The anti-surge water column, which is more easily mounted on completed boilers, is a piece of tubing with an internal diameter about twice that of the opening in the water glass. The water glass is mounted on the surge tube with the upper and lower ends of the surge tube connected to the boiler. The surge tube is generally slightly longer than the water glass.

Application of Surge Tube.

There is one more fact that should be discussed concerning steam generation in boilers. We have engineering knowledge which tells us how much heat energy is developed when burning a pound of fuel. We must be able to analyze where this heat goes and what it does. For that reason the following explanation is given.

One of the things that the average person doesn't know about steam is that steam has what is referred to as both internal energy and external energy. What this means is that when liquid is converted to water vapor (steam) an amount of heat energy is absorbed in the process and cannot be used to produce work. This is referred to as the internal energy and the only way to get this energy back is to re-convert the steam back to water. This internal energy must be considered whenever a heat balance is calculated to determine how much steam can be obtained when burning a given amount of fuel. The value of energy involved in the conversion of water to steam is roughly 800 BTU's per pound of water. The actual value is given in the table since the actual value is dependent on the temperature of the steam. This simply means that all of the heat energy developed by burning fuel to generate steam is not usable to do work.

This fact is important if the heat balance of the boiler is to be determined. A consideration of this information will fall more properly in the area of heat energy calculations in the combustion process and how this effects locomotive performance - A topic for a later discussion.

Properties of Saturated Steam.

Part 2

How an Injector Works and How to Make an Injector Work

Giffard in 1858 spent quite a bit of time trying to get steam engineers interested in his new invention, the injector. Word finally got around that the injector would work but many people using steam equipment still refused to believe that so simple a device could force water into a hot boiler with nearly 100 percent efficiency! In fact, I showed an injector to a nationally known engineering consultant on gas and liquid flow and told him its purpose and he told me he didn't believe it could or would work. This was in 1965. We discussed the gadget (injector) in mathematical terms and after several hours he admitted that an injector would work.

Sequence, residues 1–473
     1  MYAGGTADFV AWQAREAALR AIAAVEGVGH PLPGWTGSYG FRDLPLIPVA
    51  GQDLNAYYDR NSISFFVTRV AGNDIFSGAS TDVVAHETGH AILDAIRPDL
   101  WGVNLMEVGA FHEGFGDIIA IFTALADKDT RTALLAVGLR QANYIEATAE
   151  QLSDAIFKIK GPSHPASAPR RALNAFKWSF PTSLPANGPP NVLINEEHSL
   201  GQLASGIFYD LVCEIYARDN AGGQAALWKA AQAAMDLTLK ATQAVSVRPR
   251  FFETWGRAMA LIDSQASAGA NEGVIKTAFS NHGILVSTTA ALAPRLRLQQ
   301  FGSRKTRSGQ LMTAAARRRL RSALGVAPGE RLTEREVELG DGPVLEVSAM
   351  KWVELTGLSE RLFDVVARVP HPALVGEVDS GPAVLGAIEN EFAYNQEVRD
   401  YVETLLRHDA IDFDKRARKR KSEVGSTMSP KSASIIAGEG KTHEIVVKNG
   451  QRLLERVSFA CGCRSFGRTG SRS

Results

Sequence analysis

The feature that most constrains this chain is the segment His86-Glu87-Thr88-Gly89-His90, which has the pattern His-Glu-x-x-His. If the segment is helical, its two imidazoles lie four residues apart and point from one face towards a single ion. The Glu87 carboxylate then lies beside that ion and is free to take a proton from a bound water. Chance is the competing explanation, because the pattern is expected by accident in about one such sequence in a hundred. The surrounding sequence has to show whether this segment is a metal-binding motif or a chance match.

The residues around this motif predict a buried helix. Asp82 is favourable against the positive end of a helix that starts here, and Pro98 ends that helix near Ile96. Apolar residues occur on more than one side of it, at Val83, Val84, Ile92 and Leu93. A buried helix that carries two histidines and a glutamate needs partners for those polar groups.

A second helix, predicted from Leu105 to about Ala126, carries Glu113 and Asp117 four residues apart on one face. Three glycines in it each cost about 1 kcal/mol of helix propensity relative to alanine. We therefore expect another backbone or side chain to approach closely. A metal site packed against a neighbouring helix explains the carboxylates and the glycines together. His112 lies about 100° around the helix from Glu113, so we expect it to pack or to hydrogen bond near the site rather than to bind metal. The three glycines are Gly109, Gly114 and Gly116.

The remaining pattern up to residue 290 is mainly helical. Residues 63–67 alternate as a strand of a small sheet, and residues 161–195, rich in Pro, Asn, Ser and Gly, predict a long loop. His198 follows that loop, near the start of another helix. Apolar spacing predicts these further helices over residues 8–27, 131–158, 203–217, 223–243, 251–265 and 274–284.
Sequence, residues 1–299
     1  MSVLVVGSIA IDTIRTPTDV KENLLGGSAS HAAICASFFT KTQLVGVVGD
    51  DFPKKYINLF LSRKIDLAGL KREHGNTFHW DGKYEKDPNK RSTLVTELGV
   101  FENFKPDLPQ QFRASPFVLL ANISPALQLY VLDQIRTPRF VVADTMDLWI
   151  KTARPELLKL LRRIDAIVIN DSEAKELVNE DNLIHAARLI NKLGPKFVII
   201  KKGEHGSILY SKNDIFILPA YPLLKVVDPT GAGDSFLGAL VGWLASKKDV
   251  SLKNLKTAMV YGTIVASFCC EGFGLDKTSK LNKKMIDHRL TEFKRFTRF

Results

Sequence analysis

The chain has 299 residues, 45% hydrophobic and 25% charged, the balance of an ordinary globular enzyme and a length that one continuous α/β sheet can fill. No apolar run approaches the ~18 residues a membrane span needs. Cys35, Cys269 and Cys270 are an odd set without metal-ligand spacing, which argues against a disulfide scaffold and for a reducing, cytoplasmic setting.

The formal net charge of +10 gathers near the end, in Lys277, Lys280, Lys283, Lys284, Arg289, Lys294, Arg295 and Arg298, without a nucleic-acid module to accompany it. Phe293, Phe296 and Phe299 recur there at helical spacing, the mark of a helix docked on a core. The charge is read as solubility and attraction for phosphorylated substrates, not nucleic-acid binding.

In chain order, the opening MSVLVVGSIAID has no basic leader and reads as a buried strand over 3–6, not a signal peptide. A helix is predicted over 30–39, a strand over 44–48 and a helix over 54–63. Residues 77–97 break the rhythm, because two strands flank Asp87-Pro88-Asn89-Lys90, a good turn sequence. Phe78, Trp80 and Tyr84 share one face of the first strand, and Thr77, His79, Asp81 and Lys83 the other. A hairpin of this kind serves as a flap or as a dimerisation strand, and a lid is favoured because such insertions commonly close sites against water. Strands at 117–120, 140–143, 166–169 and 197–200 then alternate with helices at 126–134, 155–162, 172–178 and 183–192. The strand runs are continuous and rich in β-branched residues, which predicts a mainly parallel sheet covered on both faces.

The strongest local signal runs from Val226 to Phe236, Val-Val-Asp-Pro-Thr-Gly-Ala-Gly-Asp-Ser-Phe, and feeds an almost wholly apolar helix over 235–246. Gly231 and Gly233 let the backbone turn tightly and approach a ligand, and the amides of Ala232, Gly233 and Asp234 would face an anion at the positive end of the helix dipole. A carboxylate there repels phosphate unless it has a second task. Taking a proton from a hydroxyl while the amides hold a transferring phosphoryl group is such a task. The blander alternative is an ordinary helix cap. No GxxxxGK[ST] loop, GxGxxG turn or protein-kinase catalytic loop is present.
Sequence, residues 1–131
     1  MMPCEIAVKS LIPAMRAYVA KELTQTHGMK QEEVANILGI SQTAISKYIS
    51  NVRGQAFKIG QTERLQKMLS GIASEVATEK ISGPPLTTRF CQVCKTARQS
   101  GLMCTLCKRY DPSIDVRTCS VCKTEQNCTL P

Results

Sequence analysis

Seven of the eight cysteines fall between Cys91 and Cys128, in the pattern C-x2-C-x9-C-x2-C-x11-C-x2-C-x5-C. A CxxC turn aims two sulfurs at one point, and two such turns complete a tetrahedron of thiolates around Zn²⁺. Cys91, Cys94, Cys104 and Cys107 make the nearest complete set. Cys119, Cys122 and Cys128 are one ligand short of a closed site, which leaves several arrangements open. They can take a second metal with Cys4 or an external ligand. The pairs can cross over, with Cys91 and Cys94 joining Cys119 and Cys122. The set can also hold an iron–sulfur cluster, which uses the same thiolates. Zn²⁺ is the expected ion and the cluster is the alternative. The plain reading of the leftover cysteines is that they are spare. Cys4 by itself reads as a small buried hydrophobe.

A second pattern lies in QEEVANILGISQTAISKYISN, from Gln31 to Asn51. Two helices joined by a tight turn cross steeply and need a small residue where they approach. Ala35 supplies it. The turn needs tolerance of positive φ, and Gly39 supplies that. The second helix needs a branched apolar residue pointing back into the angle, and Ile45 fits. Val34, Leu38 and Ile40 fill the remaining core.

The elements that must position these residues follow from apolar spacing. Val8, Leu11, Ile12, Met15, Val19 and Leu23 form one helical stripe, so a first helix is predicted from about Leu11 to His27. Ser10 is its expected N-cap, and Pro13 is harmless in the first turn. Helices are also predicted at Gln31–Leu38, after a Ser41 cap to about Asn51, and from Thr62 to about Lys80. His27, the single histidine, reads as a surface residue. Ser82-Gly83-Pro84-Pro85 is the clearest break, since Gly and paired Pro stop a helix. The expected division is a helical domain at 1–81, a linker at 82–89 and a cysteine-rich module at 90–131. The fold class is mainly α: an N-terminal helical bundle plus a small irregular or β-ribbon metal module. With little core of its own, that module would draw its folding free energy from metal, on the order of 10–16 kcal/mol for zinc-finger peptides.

This mathematical discussion is interesting because although what is called an energy balance in the injector was understood as far back as 1886, a full understanding of gas and liquid flow dynamics was not developed until the 1930's and even today a fully defined flow equation cannot be solved in certain specific instances because of non-linearities in the physical reactions of some of the guilds (gas or liquid).

For the steam locomotive enthusiast however, the operation of an injector can be easily explained. A simple injector consists of a casing, a steam nozzle, a combining code, a delivery code, and a check valve. See Figure 1. Steam enters the steam nozzle at low velocity (20 feet/second approximate) but is accelerated to a high velocity (2800 feet/second) by the shape of the nozzle. This high velocity steam combines with water at low velocity (5 feet/second) to speed up the water which enters the delivery cone. The water enters the delivery code at medium velocity (150 feet/second) but at very low pressure and the expansion of the back of the delivery cone reduces the velocity of the water resulting in an increase of water pressure sufficient to overcome friction in the boiler feed pipe, the boiler check valve, and the boiler pressure. The injector check valve has two uses. When starting the injector, before the water can be accelerated, some of the water hit by the high velocity steam cannot enter the delivery cone and must therefore be exhausted to the outside of the injector casing. When the injector is operating, however, the medium speed flow of the water would tend to entrain air and carry this air into the boiler. This is not desirable since it not only reduces the capacity of the injector but oxygen in the air is not desirable inside the boiler. The check valve closes when the injector is in operation shutting off the air supply - there is a vacuum created in the combining cone chamber since whatever air is there is entrained in the water stream and no more air can enter.

Note: Dick Bagley, who is well known for his many years of activity in building and operating steam equipment, has published in the Riverside Live Steamers Chronicle, a very concise and well written description of how an injector works. I choose, however, to describe the operation in a more detailed way.

Figure 1 - Simplified Injector
Figure 2 - Injector jets
Figure 3 - Injector Starter Valve
Figure 4 - Injector Manual Control
Figure 5 - Test of Injectors
Figure 6 - Test of Improved Injector
Figure 7 - Sizes of Orifices
Figure 8 - Injector Delivery Cone Equation

Part 3